I recently read an article titled “They used to love shopping and selfies, now they’re jihadi brides”, written about teenage girls who had gone to join Isis. Not that I think Isis is necessarily better than shopping and selfies (personally I enjoy buying a pair of pants much more than beheading someone), but I don’t think it’s hard to see how someone (i.e. a teenager) who is looking for meaning in life is absolutely not going to find it in the prevailing messages our culture gives.
They see people working themselves to death just so they can buy more things that they’re not really happy with. In school, they’re told an education is important not so you become a better person, not so you can improve the world, but only so that you can then get a job (the higher paying the better), which you can use to get money and buy stuff.
People who have higher materialistic values are less happy day-to-day, and it’s not surprising. Anybody reading this knows that things don’t make you happy. Relationships make you happy. Activities with intrinsic value make you happy. Helping others makes you happy. Petting cats makes you happy. Buying things, long term, does not and cannot make you happy. And yet, that’s what our entire country is focused on. Everywhere around me, on TV, in movies, in books, on the radio, in newspapers, in your town center, lining every street, in politics, the messages are the same. Money and what you can buy with it are what’s important.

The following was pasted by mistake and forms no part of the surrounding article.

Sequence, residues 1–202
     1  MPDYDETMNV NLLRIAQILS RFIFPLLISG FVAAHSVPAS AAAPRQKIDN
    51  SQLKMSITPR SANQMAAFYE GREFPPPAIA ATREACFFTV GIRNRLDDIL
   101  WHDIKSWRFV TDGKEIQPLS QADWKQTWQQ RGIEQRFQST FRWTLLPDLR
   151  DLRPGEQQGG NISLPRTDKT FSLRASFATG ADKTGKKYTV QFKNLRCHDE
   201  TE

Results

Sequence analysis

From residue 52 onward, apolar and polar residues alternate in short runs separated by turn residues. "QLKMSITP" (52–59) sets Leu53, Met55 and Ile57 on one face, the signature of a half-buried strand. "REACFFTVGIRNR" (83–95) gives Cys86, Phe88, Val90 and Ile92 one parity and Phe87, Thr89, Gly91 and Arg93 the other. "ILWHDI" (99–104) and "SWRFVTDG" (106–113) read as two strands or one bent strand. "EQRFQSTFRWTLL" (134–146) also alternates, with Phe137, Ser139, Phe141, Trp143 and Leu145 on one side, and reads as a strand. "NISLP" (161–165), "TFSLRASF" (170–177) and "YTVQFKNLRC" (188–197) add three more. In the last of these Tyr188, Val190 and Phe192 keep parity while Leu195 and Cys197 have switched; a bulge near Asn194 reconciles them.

For a person looking for a meaning in life, someone who has been failed by what our culture puts up as important, Isis could provide a meaning, could make you feel a part of something bigger, could make you feel like you’re doing something. I don’t think being part of something like Isis is the way to find meaning in your life, but some people who are desperately seeking meaning will find it in ways like that.
The way to stop people being influenced by horrible ideologies like that of Isis is to offer them something better. Are we doing that?